Calling in "Gay" Has Mixed Results | NBC New York

Calling in "Gay" Has Mixed Results

    processing...

    NEWSLETTERS

    Getty Images
    The protest was designed to demonstrate the economic clout of same-sex marriage supporters.

    SAN FRANCISCO — A daylong work stoppage for which people were encouraged to call in "gay" to express support for same-sex marriage drew spotty participation Wednesday, with some gay rights activists praising the event and others questioning its value.

    People who opted to take the day off from their jobs as part of the national "Day Without a Gay" were encouraged to perform community service, and charitable organizations across the country said they had volunteers showing up.

    "Visibility is really important for the gay community, so after a lot of thought I decided I would come out and be visible with my colleagues at work and use the time working for the community," said Carrie Lewis, 36, a University of California health researcher who spent the day working at the Sacramento Gay and Lesbian Center.

    The protest, which a gay couple from West Hollywood organized through the Internet, was designed to demonstrate the economic clout of same-sex marriage supporters following the passage of voter-approved gay marriage bans in California, Arizona and Florida last month.

    Participants also were asked to refrain from spending money or at least to patronize gay-friendly businesses for the day.

    In San Francisco's gay Castro district, several residents and merchants said they endorsed the cause but did not think a work stoppage or spending boycott was practical, given the poor economy and how quickly the strike was organized.

    "My employers have always been there in every possible way. I didn't feel comfortable discomfiting them when they have gone out of their way to be there for me," said Paul Ellis, 51, a manager at Cliff's Variety hardware store.

    David Lang, 44, a San Francisco gymnastics coach who said he conceived of a similar idea right after the election, said he thinks a coordinated job action would have been more successful if organizers had enlisted support from sympathetic employers, labor groups and industries.

    "If we are going to make a huge impact and not be laughed at, then we have to take the time and make the time to communicate with all the parties. We could have shut down a lot of the hotels," Lang said. "In theory it's a great idea, but it's being done wrong and now that it's been done wrong, I don't think it will be done again."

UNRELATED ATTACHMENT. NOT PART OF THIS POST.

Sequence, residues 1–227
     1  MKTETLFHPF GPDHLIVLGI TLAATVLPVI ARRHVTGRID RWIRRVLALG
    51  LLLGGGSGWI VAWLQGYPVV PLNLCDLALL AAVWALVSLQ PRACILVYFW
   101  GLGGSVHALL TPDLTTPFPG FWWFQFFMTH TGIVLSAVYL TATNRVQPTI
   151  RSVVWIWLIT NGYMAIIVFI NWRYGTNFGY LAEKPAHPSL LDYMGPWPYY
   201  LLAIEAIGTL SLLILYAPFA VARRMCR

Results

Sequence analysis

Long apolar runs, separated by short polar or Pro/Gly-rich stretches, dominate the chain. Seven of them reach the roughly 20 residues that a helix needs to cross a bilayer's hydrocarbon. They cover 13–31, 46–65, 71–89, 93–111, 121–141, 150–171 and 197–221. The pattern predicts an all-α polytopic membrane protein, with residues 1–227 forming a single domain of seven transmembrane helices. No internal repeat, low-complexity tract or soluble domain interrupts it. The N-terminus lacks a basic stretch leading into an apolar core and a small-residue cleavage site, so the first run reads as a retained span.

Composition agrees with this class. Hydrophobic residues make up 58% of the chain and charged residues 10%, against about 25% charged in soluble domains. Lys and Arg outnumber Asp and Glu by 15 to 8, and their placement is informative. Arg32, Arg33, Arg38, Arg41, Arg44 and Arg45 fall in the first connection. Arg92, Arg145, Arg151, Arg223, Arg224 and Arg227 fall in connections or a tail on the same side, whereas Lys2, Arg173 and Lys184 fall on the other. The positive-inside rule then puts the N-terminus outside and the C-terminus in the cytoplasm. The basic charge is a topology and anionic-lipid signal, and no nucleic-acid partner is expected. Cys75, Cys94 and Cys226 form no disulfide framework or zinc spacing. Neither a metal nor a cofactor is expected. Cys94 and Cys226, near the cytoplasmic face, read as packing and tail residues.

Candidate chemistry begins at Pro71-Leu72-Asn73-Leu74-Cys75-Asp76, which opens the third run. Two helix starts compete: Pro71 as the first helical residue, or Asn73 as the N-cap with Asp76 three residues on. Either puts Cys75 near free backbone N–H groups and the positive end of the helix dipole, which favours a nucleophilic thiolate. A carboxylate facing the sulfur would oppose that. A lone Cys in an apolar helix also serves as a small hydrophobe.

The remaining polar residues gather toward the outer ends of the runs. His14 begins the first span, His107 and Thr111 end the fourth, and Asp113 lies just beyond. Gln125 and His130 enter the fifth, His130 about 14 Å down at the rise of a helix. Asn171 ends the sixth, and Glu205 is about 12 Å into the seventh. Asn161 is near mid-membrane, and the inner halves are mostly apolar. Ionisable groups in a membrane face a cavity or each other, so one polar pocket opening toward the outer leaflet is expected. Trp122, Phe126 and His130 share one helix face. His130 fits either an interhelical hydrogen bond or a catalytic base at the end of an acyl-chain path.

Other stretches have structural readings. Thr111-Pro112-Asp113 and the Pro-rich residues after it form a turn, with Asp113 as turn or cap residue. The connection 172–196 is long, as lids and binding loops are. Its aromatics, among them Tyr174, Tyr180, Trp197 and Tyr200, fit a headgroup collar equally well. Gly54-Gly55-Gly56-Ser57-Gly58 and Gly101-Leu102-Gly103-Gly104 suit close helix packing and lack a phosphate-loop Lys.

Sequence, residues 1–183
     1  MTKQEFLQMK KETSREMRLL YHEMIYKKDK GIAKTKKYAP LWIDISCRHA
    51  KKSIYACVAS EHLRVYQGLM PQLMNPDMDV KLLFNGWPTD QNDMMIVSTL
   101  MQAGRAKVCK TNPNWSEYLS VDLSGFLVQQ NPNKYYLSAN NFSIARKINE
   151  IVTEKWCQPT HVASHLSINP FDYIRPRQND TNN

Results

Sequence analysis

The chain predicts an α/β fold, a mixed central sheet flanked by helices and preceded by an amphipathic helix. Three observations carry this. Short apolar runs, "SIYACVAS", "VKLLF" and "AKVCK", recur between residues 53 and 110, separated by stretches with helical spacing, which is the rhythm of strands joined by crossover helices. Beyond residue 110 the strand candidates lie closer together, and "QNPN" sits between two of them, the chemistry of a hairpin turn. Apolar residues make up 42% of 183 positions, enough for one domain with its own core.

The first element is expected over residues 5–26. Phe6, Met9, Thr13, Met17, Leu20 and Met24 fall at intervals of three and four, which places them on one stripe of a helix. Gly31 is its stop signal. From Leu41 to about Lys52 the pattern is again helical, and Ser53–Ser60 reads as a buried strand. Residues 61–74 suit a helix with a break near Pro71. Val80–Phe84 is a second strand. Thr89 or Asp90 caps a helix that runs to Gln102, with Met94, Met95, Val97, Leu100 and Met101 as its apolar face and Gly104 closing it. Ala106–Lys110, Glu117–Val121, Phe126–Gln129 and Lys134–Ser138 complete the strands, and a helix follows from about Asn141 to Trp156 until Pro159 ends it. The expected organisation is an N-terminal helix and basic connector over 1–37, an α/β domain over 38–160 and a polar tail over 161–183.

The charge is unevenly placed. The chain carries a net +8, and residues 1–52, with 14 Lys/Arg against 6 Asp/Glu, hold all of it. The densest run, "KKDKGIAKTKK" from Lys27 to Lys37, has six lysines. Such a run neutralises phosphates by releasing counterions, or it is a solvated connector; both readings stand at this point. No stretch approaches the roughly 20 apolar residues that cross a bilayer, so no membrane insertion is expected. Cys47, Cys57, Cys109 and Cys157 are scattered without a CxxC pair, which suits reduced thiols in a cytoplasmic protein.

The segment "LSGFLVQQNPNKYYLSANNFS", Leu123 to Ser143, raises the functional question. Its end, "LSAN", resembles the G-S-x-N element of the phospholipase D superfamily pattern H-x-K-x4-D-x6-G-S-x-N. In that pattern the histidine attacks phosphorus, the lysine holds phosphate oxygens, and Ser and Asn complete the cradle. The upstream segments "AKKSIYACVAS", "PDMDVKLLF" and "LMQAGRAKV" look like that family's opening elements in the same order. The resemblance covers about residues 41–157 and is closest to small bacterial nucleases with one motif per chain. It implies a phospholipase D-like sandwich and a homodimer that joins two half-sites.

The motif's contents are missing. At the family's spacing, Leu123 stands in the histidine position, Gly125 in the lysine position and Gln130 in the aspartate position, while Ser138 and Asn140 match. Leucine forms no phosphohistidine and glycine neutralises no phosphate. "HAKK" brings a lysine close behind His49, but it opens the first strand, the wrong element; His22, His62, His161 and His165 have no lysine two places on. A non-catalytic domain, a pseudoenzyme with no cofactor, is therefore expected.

Out and Equal Workplace Advocates, a San Francisco-based nonprofit group that promotes equality for gay and lesbian employees, suggested that gay marriage supporters could send an effective message beyond Wednesday by openly discussing the issue at their workplaces.

    The organization was encouraging gay people who could not miss work to be open about their sexual orientation with co-workers and urging straight employees to speak up when they hear colleagues making homophobic jokes.

    "When people go into the voting booth and vote against (gay) rights, they often have no idea they are voting against the person sitting next to them in the next cubicle or office," said Selisse Berry, Out and Equal's executive director.

    Berry noted that only 20 states have laws to protect workers from being fired for being gay, making lesbians and gays reluctant to reveal themselves to co-workers in most jurisdictions.

    "Constantly lying about our weekends at the water cooler or changing pronouns, that takes up so much energy that we could be putting into our jobs," she said.

    Backers of "Day Without a Gay" organized evening rallies in San Francisco, Austin, Tex., Logan, Utah, and other cities so supporters could gather to discuss the next steps. Rallies also were held earlier Wednesday in Chicago and on several college campuses in California.

    "The movement that fought for equality and succeeded in electing Obama president is really looking to make progressive gains now," said Mark Airgood, who used a personal day to take off from his job as a middle school teacher in Berkeley. "I think we really can, and I think this is an important day for that."